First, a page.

OK, so the title is a take-off on Don McLean's "Vincent." What are you going to do? Sue me? Good luck with that... I was a divebum much of my life.
I've written that I rarely do night dives during the winter and early spring. It's not that the water is too cold... especially the past two years! Nice and toasty even when I forget to zip up my wetsuit (which I have the last five dives)! It's because all that lousy Asian seaweed prevents me from seeing much of anything.
However, Aquarium of the Pacific diver Grace Chee wanted to take advantage of her free birthday trip on the Catalina Express to do a night dive and twisted my arm. Well, it didn't really take much twisting. I picked her up at the boat, we suited up and drove down to the dive park to descend on a decent tide.
Yep, the Sargassum horneri was everywhere even though as an annual it is starting to die out early this year because of the warm temperatures. Grace thought it was beautiful. I could only think of the ecological damage it and the unusually warm waters have caused to our native giant kelp forests.
We hadn't kicked very far when a hint of red-orange appeared within the Sargassum, highlighted by my video lights. I was shocked to find a small southern kelp crab (Taliepus nuttallii) up in the thick devil weed. I couldn't tell if it was actually feeding on the Sargassum, but given the absence of its usual tasty giant kelp blade buffet that was my thought.
During previous years when the water was cooler and the Sargassum less dense, southern kelp crabs were a pretty common sight on my night dives. I'd find them munching on kelp blades and stipes... or mating with the males "gently" suspending their mates by one claw. Occasionally I'd even see them climbing the tall giant kelp... almost like Jack and the bean stalk (although I guess I'd play the giant). I was quite pleased to finally see one, my first in nearly a year.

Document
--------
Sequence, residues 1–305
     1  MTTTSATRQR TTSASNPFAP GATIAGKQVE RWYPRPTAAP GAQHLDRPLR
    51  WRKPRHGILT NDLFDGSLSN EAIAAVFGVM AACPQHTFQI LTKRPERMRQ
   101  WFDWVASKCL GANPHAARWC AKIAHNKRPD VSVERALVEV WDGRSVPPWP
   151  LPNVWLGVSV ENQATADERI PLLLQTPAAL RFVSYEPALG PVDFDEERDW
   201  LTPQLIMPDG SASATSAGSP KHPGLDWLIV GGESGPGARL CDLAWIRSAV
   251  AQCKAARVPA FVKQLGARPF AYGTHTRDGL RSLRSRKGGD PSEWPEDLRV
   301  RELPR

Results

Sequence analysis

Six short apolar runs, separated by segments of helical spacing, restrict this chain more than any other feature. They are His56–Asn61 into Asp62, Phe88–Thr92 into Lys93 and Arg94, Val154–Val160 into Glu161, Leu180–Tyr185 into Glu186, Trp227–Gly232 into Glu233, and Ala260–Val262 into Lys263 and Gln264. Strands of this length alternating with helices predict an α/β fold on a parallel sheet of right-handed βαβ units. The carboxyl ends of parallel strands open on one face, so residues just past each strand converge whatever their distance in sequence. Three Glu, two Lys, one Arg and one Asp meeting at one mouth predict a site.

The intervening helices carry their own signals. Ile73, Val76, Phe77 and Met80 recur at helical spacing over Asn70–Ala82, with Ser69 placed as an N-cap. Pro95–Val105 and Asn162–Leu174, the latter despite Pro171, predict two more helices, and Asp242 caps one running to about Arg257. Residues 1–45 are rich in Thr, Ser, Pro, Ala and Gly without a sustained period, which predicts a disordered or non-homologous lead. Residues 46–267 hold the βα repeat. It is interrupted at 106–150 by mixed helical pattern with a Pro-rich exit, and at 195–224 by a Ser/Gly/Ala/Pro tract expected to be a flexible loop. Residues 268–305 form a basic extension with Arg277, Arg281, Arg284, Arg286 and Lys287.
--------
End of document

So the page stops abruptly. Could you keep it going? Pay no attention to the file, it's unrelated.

A little further along in our dive Grace spotted two sheep crabs (Loxorhynchus grandis) through a clearing in the devil weed. I dropped down to film them and decided I would once again try to play matchmaker. I checked their undersides but quickly realized that wouldn't work. Both had long, narrow telsons ("tails") indicating they were males. Oh, well.
Several years ago I had done the matchmaker thing when I spotted a male and female in the park. I picked up the little lady and gently carried her over to the young lad. He immediately pounced on her... no introduction or sweet talk. They entwined in non-marital bliss for over 20 minutes as I filmed.
Crab mating is often quite amusing (well, to me... perhaps not to them). Males often "tenderly" hold their ladies tight and walk around with them for much longer than it takes to procreate. I've written in the past about how this helps ensure the lucky lad will be the father for her brood. He keeps her away from the other guys while fertilization of the eggs takes place. I used to see human males doing something similar when I danced at the Chi Chi Club.
Seeing these two species of crabs was a small signal that perhaps life will go on in the kelp forest once the Sargassum dies out and (hopefully) the water cools down next fall. I really want "my" giant kelp forests and their critters back so I don't have to renew my studies and become a coral reef biologist to adapt to our changing waters!
© 2016 Dr. Bill Bushing. Watch the "Dive Dry with Dr. Bill" underwater videos on Catalina Cable TV channel 29, 10:00 AM weekdays and on Charter Communications Cable channel 33 at 7:30 PM on Tuesdays in the Riverside/Norco area. You can also watch these episodes in iPod format on YouTube through my channel there (drbillbushing). Please help me climb out of self-imposed poverty... buy my DVD's (see this link). Yes, take Dr. Bill home with you... we'll both be glad you did!
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Southern kelp crab in Sargassum (with my finger for comparison) and sheep crab seen on night dive at Casino Point.
This document maintained by
Dr. Bill Bushing.
Material and images © 2015 Star Thrower Educational Multimedia